Vitalizing and Serving the Midwest
In the 33 years since, Arts Midwest has delivered on that founding objective by designing and implementing a remarkable array of innovative and progressive programs that have had a lasting impact on the region’s cultural landscape. An early example can be found in the late 1980s, when Arts Midwest launched what was then a groundbreaking project to nurture a new generation of arts leaders in the Midwest from communities of color. The project provided significant fellowship support to early and mid-career arts leaders of color, positioning them in residencies at the senior level of arts organizations regionally and nationally, and providing training, professional development, and networking opportunities with the goal of breaking the glass ceiling for leaders of color in the field.
Ultimately, the program graduated more than 25 fellows, many of whom are holding leading positions in the cultural community today. Regina R. Smith, a former Arts Midwest Minority Arts Administration Fellow who now is managing director of the Arts & Culture Program at The Kresge Foundation, said the fellowship program was emblematic of the vision with which Fraher guided Arts Midwest over the decades. “The arts, artists, and communities throughout the Midwest and abroad have benefitted greatly from David’s leadership and commitment,” said Smith. “He has left an indelible imprint on the lives and careers of many aspiring to make a difference in the arts and culture field and their communities, and I include myself on that long list. He’s always taken risks and been a fierce advocate of diversity, equity, and inclusion. And, it is through that lens that he has permanently changed the way arts is produced and integrated into the daily lives of many grateful people.”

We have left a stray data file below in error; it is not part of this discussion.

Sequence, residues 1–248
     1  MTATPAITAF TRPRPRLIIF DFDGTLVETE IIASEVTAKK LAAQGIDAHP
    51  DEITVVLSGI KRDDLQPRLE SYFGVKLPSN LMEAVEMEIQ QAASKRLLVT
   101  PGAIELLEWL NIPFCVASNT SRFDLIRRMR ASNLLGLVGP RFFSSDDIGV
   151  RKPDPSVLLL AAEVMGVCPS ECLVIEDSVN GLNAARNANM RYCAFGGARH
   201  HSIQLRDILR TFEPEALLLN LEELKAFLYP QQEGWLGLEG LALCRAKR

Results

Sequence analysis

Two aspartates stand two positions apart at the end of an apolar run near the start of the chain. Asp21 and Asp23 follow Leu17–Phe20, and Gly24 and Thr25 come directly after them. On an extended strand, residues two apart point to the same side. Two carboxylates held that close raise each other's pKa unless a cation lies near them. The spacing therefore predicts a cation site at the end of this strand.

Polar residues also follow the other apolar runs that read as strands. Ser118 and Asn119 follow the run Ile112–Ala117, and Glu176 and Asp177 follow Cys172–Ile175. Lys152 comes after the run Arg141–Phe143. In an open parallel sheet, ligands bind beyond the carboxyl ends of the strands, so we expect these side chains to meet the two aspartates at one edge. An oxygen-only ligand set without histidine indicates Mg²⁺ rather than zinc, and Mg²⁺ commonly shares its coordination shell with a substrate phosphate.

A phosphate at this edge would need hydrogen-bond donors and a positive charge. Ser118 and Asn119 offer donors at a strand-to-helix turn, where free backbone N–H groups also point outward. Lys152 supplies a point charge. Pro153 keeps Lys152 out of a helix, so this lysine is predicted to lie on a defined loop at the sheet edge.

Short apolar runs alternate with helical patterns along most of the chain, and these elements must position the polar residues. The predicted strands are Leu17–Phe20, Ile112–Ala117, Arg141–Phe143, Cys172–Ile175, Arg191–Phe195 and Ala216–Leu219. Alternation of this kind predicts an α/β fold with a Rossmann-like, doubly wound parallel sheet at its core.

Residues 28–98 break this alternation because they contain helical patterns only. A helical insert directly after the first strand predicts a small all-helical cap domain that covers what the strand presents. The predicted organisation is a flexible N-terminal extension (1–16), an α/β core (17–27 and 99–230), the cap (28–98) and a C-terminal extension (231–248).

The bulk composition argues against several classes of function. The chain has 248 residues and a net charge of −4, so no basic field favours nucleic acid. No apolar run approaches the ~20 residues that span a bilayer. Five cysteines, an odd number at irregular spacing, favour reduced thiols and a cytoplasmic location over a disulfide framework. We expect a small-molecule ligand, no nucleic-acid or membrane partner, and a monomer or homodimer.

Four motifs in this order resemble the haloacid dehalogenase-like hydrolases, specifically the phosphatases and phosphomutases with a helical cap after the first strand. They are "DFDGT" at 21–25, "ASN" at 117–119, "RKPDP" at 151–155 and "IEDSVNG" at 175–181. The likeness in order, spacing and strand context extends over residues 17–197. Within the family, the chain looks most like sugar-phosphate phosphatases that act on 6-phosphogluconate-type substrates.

Fraher has also made a deep commitment to nurturing connections between the Midwest and the world, helping to craft deep and lasting cultural exchange relationships with more than three dozen nations around the world. Arts Midwest’s international programs have included exhibitions of Midwestern visual artists which have toured to Central Europe, China, and South America; tours of performers as diverse as Native American hoop dancer Kevin Locke and hip-hop vocalist/writer Dessa to communities across China; and partnerships with the U.S. Department of State and the National Endowment for the Arts, one of which built multi-year community-wide reading programs with Egypt which commissioned new translations into Arabic of significant American novels and encouraged American communities to read the work of Egyptian Nobel laureate Naguib Mahfouz.
Such international ventures have brought significant acclaim to Arts Midwest, but for Fraher and his colleagues, the primary focus of their work has always been on the nine-state region where the organization has built a broad portfolio of programs that have nurtured arts organizations and the cultural infrastructure for decades. To this end, Arts Midwest is continually bringing innovative and critical programming to the region. The Arts Midwest Conference annually serves over 1,100 arts professionals through a four-day performing arts booking and education conference. Arts Midwest’s ArtsLab provides Midwest cultural leaders with the skills, ideas, and mindset of adaptability and resiliency needed to thrive in a world of continuous change. And one of its newer ventures, Creating Connection is a research-based communication movement working to change social norms so creative expression, arts, and culture are embraced as a recognized, valued, and expected part of everyday life.